The New Haven School District is grappling with challenges of why most suspensions fall on Black boys. This is not a new challenge for many schools. The challenge will continue to persist and remain an embarrassment due to the process that schools use to determine why suspensions fall most on Black Boys. 

The New Haven School District was presented with an independent study that was not well received. Superintendent Carol Birks promised that the school district would become more transparent in sharing information. School board members and administrators called the statistical presentation “sobering”. The presentation outlined the crosstabs involving percentage of suspensions and expulsions versus the different ethnicities.  

According to the presentation, there were 494 suspensions and 1 expulsion. Forty-three percent involved African American boys, 19% involved African American girls, 20% involved Hispanic boys, and almost 11% involved Hispanic girls. Only 3.2% involved White boys and 1.9 percent involved White girls. These finding are consistent with the Raccelerate Phenomenon.

The Black students represented 38% of the student population. Therefore, qualifying as overrepresented when comparing their involvement in disciplinary consequences. Hispanic students represent 45% of the student population. Therefore, they are underrepresented when comparing their involvement in disciplinary consequences. White and Asian students are grossly underrepresented and therefore the presentation has prompted a request for a more in-depth analysis.

Several solutions were offered as a remedy to the challenge of why suspensions fall most on Black boys. Superintendent Birks agrees that all school employees need training in being culturally responsive and recognizing trauma. Darnell Goldson, the board’s president, asked for the presentation of the disaggregated numbers at the next meeting, listing the number expulsions, out-of-school suspensions and in-school suspensions by race, gender and offense. However, this type of analysis will only touch the surface and the school district will continue to implement strategies that will eventually fail.

Instead, the New Haven School District must use a concurrent transformative research design. Concurrent transformative research design is a mixed methods research study that combines qualitative and quantitative approaches in the research methodology of a single study or multiphased study by using concurrent or sequential data collection and analysis strategies that integrate data at one or more stages in the research process.

Qualitative data collection strategies must include individual interviews, focus group interviews, classroom observations, and document collection. Interviews will provide information for academic analysis. Interviews will need to be structured and unstructured. In structured interviews, all interviewees receive the same set of questions in the same order, and then the responses are coded according to some preestablished scheme. Unstructured interviews are open-ended. Interviews will provide detailed holistic descriptions and processes that integrate multiple perspectives by reporting interrelated behaviors and events that bridge intersubjectives for reporting analysis. 

Classroom observations will provide several advantages. Observations will enable the researcher to depend less on preconceived notions that may inhibit learning things people may be unwilling to reveal. In addition, observations will provide an opportunity to move beyond selective perceptions of others and permits formalizing an independent analysis.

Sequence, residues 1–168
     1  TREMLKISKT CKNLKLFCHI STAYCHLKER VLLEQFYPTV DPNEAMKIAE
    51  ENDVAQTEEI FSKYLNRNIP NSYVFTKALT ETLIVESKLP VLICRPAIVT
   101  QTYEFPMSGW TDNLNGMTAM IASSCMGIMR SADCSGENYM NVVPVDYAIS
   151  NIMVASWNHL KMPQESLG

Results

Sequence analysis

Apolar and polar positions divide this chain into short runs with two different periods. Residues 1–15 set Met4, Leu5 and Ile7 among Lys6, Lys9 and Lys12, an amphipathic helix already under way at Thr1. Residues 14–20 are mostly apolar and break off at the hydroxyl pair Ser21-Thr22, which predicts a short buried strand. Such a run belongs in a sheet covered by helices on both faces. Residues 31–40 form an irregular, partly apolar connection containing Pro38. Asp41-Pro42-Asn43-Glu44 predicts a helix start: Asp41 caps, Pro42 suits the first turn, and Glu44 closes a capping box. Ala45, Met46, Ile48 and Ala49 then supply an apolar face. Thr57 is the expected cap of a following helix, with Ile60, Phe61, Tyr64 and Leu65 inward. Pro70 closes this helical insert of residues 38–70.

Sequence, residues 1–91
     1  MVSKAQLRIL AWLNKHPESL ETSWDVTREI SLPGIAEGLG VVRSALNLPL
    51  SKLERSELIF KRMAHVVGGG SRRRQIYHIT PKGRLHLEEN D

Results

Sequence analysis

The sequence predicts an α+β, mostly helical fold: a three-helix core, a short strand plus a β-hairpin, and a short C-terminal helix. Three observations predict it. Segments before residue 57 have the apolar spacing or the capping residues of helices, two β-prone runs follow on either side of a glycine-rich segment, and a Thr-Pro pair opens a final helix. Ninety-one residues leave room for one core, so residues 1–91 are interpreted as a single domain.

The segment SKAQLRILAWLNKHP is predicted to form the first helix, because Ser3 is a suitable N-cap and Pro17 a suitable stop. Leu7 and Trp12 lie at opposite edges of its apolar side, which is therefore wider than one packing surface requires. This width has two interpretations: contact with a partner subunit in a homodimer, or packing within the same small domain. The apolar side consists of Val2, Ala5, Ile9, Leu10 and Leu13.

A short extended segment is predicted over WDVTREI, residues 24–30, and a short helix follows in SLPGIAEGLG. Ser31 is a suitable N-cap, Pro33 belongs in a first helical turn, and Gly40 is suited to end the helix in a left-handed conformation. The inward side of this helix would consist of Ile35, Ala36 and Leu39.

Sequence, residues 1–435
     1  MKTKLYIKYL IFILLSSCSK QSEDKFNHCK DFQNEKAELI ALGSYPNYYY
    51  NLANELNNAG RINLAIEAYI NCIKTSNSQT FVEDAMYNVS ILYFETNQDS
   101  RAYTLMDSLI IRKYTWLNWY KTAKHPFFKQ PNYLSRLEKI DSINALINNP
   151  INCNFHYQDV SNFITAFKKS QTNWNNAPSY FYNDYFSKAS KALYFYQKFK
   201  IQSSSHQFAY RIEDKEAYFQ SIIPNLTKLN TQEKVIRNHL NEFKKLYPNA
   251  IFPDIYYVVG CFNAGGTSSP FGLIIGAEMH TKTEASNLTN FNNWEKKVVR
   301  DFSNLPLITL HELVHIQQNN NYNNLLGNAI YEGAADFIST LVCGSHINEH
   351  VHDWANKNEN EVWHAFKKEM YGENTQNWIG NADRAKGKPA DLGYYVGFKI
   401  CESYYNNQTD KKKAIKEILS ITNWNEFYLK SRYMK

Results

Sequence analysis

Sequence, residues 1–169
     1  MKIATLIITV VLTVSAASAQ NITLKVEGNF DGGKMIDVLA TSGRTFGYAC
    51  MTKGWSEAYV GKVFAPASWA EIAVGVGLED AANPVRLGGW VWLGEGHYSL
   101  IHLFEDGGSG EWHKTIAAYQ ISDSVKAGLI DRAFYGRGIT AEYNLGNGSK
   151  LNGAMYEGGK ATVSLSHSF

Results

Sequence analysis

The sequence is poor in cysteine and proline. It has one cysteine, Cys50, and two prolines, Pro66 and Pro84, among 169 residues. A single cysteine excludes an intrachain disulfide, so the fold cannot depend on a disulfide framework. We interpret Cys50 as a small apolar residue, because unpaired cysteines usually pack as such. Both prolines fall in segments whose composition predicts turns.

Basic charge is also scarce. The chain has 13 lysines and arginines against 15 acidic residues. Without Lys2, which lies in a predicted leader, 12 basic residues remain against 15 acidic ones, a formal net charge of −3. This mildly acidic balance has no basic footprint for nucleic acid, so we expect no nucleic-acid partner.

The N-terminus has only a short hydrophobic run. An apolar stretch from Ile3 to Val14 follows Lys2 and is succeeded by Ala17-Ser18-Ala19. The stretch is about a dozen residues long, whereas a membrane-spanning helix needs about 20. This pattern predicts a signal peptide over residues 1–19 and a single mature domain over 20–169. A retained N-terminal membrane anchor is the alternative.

In addition to collecting field notes, document collection will enable the researcher to understand the historical development of why suspensions fall mostly on Black boys and to develop a descriptive statistics report using SSPS computer descriptive software. Descriptive software is a tool that helps to organize and summarize data.

Once all qualitative and quantitative data is collected, the New Haven School District will need to utilize Systems Thinking. Systems Thinking is the study of a system’s structure and behavior. Peter Senge recommends analyzing a system by evaluating events, patterns and trends, developing a systemic structure, and developing mental models which will help the New Haven School district to determine why most suspensions fall on Black Boys. 

Related Articles

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Boston schools agree to change policies on suspensions

Implicit racial bias causes black boys to be disciplined at school more than whites, federal report finds


All the best,

Dr. Derrick L. Campbell, Ed.D.
PO Box 4707 Cherry Hill, NJ 08034

(856) 566-3267


Author of:

  • Promoting Positive Racial Teacher Student Classroom Relationships
  • Promoting Positive Racial Teacher Student Classroom Relationships: Methodology
  • The Raccelerate Formula App
  • Treasures of Hidden Racism in Education
  • The Ultimate Guide to Classroom Racism Management


cultural diversity consultant cultural diversity consultant classroom management cultural diversity consultant cultural diversity consultant classroom management cultural diversity consultant cultural diversity consultant

“Dr. Campbell did his part and now all we have to do is run with it.”
 ~ Tom Coleman ~
Woodstown-Pilesgrove Public Schools Superintendent of Schools

“The model that you use to analyze teacher-student relationships is a good one for most school districts”.

~ Joe Vas ~ Perth Amboy Mayor

“Dr. Campbell’s Cultural Relationship Training Program is comprehensive, informative, and should be required training for all schools”

~ Darrell Pope ~ Hutchinson Kansas NAACP President


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